The Reaction to Michelle Wolf’s White House Correspondents’ Dinner Monologue Only Proved Her Point
Daily Show writer and contributor (and soon to be host of her own show) Michelle Wolf was introduced at Saturday’s White House Correspondents’ Association dinner as someone who speaks truth to power, and she did just that, not only using her monologue (watch here) to call out the Trump administration’s well-documented propensity to lie about even the most insignificant matters, but raking the press over the coals for enabling Trump in general. Based on the ensuing reaction, still going this morning, some members of the media didn’t like that one bit.
Instead of addressing that head on, everyone decided to prove Wolf’s point and paint her remarks as, among other things, an unfair attack on White House Press Secretary Sarah Huckabee Sanders’ appearance, despite the fact that the only remark Wolf made in that regard was to say Sanders does a “perfect smokey eye.” No one is quite sure how that’s an insult—to her appearance, at least. Wolf made it quite clear that the joke around that line was an insult of Sanders’ rampant lying in defense of her boss, who, for the millionth time, has decades of history as a lying blowhard, so it’s pretty ridiculous for anyone to act scandalized at the idea that his team might be dishonest.
But no time was wasted in avoiding the substance of Wolf’s criticism of either the Trump administration or the media, and instead serving up reactions like this:
Watching a wife and mother be humiliated on national television for her looks is deplorable. I have experienced insults about my appearance from the president. All women have a duty to unite when these attacks happen and the WHCA owes Sarah an apology.
— Mika Brzezinski (@morningmika) April 29, 2018
That @PressSec sat and absorbed intense criticism of her physical appearance, her job performance, and so forth, instead of walking out, on national television, was impressive.
— Maggie Haberman (@maggieNYT) April 29, 2018
For which Wolf had a quick response:
Hey mags! All these jokes were about her despicable behavior. Sounds like you have some thoughts about her looks though? 😘 https://t.co/JRzzvhBuey
— Michelle Wolf (@michelleisawolf) April 29, 2018
Thus began an entire Sunday (or more) of everyone arguing over whether Wolf had crossed a line with imaginary jokes, rather than evaluating whether she was right about the media enabling Trump (she was and still is), or talking about something of substance—not necessarily limited the water crisis in Flint, Michigan that Wolf used to make her point at the end of her speech. Trump himself, of course, had his say on Twitter (exactly what you’d imagine—you can skip it), despite the massive number of people at whom he’s flung terrible personal insults. So did former governor/amateur comedian Mike Huckabee, who’s probably just mad that he’ll never be as funny a person as his daughter was a punchline.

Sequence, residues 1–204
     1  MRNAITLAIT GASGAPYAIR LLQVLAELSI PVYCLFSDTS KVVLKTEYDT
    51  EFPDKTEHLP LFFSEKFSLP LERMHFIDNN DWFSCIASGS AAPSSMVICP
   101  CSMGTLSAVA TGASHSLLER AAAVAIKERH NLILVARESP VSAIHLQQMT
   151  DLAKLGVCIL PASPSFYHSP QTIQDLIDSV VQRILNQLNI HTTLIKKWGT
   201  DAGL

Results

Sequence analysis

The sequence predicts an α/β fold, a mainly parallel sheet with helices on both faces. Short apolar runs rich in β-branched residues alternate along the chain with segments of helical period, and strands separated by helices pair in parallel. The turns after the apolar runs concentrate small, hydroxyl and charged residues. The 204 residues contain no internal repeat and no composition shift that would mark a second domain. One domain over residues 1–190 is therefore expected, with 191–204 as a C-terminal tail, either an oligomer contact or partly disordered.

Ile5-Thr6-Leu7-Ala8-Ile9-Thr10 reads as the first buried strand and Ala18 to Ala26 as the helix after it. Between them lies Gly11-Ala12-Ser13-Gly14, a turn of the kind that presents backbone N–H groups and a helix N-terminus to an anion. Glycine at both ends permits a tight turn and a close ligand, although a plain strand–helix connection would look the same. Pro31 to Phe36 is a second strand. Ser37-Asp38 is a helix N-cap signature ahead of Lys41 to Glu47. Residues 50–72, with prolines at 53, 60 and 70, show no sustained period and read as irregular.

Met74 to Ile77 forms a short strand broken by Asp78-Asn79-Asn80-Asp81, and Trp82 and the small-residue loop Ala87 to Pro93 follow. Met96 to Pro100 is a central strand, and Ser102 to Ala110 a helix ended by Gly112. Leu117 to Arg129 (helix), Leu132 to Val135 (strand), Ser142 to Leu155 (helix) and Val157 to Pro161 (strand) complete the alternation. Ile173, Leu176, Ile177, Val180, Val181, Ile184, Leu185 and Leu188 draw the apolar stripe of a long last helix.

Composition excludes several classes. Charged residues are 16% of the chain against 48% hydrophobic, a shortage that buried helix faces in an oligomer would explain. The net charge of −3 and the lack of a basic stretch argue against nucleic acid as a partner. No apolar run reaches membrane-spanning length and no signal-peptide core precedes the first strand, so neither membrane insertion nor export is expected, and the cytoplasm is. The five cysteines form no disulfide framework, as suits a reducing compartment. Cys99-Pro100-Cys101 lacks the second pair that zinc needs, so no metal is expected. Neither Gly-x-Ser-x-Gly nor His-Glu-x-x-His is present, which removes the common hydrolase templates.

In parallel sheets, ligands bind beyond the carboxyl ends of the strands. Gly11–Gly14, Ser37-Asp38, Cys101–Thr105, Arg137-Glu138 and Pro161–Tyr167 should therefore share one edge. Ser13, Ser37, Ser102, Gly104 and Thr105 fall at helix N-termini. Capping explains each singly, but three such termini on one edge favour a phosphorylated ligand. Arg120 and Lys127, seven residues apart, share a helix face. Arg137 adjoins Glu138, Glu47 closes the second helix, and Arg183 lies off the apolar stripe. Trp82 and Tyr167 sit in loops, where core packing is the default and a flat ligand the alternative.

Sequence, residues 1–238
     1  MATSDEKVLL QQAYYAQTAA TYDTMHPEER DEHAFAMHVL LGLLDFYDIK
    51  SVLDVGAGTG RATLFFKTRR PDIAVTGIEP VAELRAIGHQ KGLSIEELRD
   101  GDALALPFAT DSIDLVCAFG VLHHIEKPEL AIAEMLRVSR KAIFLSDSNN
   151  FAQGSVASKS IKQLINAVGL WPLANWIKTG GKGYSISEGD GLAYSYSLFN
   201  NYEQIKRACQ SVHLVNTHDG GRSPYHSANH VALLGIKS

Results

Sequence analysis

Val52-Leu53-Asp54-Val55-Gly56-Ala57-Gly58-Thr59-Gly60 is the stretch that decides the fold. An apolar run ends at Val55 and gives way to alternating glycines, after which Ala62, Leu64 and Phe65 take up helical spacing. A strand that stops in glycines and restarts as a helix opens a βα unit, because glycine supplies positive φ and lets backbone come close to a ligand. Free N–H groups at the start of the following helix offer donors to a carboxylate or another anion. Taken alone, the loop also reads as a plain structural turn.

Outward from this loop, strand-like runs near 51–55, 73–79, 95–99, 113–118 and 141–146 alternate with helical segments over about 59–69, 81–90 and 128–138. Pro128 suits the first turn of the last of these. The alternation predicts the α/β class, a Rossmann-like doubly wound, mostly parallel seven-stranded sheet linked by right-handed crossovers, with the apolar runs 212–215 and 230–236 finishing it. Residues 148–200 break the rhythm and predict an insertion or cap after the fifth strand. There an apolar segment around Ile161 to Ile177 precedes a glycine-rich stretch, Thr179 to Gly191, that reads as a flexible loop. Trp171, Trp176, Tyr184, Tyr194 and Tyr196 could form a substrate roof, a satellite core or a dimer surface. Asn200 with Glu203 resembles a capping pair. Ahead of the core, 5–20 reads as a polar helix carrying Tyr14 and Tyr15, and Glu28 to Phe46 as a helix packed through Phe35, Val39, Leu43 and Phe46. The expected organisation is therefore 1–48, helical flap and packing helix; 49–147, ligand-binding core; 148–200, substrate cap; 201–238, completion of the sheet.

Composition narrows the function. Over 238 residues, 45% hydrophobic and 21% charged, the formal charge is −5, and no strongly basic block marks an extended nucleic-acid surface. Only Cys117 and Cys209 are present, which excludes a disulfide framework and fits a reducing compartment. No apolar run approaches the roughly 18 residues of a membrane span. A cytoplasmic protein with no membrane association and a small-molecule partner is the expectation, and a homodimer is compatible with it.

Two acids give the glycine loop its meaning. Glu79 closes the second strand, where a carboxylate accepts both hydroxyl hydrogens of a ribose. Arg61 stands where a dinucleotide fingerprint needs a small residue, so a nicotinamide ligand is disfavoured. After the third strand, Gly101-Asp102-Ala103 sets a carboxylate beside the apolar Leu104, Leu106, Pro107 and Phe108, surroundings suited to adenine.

American Conservative Union chair Matt Schlapp got in on the action on CNN, saying, “Journalists should not be the ones to say that the president or his spokesperson is lying,” which demonstrates a pretty spectacular misunderstanding of journalism. That’s not particularly surprising, when we’ve all been continually asked to meet in the “center” and “hear both sides” on issues where the only “sides” are right and wrong, and even the White House Correspondents’ Association made it clear that their mission isn’t so much the speaking truth to power that was trumpeted at the dinner, but making nice at all costs and playing the “both sides” game, even when it’s at the expense of the truth:
— WHCA (@whca) April 30, 2018
Let’s remember that this kind of roast at the White House Correspondents’ dinner is pretty normal, and if it seemed like things got particularly ugly this year, that’s more a reflection of Trump than anything else. It’s ridiculous that Wolf is getting this much criticism for something that’s been done before. There’s plenty of talk that Wolf’s speech will only galvanize Trump supporters and work in conservatives’ favor, but history might remember this moment a lot differently:
Tonight was deja vu from 2006. That year, Stephen Colbert eviscerated Bush to his face with a scathing speech. Pundits called it unfunny and unfair. The public disagreed. GOP lost that November. It’s now considered an iconic performance.
That was Michelle Wolf tonight.#WHCD
— Charlotte Clymer🏳️🌈 (@cmclymer) April 29, 2018
(image: Tasos Katopodis/Getty Images for Netflix)
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